Notice that according to the table if you start to prepare for your CFA exam 5 months in advance, you’ll need to devote practically the whole of your weekends to studying or study also on some of your working days. With a 6-month CFA exam prep, you can avoid that and study solely on weekends (and still have a lot of free time to enjoy yourself).
Also, as you opt for shorter exam prep, the number of study hours per week increases substantially. For example, with 3 months of preparation, you get to study almost every day assuming you have a full-time job.
But what’s the most important is that the table shows just the minimum 300-hour CFA study plan in its various monthly versions. We’d like to convince you to extend your study plan a bit and schedule some additional hours for regular review (not just a week or two before your exam).
Adding some extra hours can be useful also when some topics prove more difficult than you expected. Because when creating a CFA study plan you’ll want to take different things into consideration, CFA topics difficulty being one of them.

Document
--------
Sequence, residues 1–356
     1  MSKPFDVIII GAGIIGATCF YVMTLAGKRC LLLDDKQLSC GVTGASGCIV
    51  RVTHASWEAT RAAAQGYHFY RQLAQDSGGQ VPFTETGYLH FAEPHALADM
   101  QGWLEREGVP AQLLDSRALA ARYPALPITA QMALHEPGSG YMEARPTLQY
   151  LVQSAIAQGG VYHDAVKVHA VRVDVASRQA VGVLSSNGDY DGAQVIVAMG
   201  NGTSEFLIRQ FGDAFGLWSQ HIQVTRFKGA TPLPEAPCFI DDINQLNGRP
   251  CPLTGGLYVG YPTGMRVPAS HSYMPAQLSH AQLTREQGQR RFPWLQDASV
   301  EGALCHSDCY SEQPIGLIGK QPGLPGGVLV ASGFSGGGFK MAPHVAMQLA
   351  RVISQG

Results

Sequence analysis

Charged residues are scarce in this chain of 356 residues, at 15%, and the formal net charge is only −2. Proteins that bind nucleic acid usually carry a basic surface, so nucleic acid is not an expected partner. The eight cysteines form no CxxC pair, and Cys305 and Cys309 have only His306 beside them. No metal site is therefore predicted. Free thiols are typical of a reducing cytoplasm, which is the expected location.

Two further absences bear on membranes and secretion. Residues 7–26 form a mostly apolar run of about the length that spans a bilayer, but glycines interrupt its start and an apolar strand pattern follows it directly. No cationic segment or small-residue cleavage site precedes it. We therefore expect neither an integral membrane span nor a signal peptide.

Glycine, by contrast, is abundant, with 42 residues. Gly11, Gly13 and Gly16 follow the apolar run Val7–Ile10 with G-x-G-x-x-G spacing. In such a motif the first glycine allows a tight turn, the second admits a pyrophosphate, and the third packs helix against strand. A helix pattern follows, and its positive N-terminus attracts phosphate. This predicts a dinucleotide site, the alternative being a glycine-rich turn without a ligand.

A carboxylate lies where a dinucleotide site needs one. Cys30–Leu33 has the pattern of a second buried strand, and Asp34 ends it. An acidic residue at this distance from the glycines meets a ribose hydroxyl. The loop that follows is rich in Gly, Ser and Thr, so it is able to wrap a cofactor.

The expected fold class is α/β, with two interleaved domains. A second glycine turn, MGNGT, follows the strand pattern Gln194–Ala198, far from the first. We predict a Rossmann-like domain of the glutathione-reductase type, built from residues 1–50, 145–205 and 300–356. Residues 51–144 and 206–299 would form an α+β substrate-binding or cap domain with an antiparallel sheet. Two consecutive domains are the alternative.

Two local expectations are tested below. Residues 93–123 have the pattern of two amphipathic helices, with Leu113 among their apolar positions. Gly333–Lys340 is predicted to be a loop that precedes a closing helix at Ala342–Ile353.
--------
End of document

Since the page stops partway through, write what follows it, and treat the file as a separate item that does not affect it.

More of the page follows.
How do I prepare for CFA Level 1?
When preparing for your CFA level 1 exam, you’ll need to consider various aspects of your exam prep. They all fall under these 3 CFA preparation rules:
- RULE no. 1: Plan how to study.
- RULE no. 2: Study and get prepared.
- RULE no. 3: Check if you’re getting prepared the way you’ve planned.
Oh, there’s one more rule: If you fail to follow what you’ve planned – you rethink your CFA exam prep and reschedule your CFA study plan!
If this study routine pays off (and we’re sure it will), you continue with this 3-step CFA exam prep strategy also for your level 2 and level 3 preparation.
But first things first! What are the exam prep aspects you need to consider when creating your CFA study plan?
How to Create Your CFA Study Plan
When creating your CFA study plan, you need to decide on the:
- exam prep time span,
- topic difficulty,
- exact study hours, aka. study routine,
- means to execute your study schedule.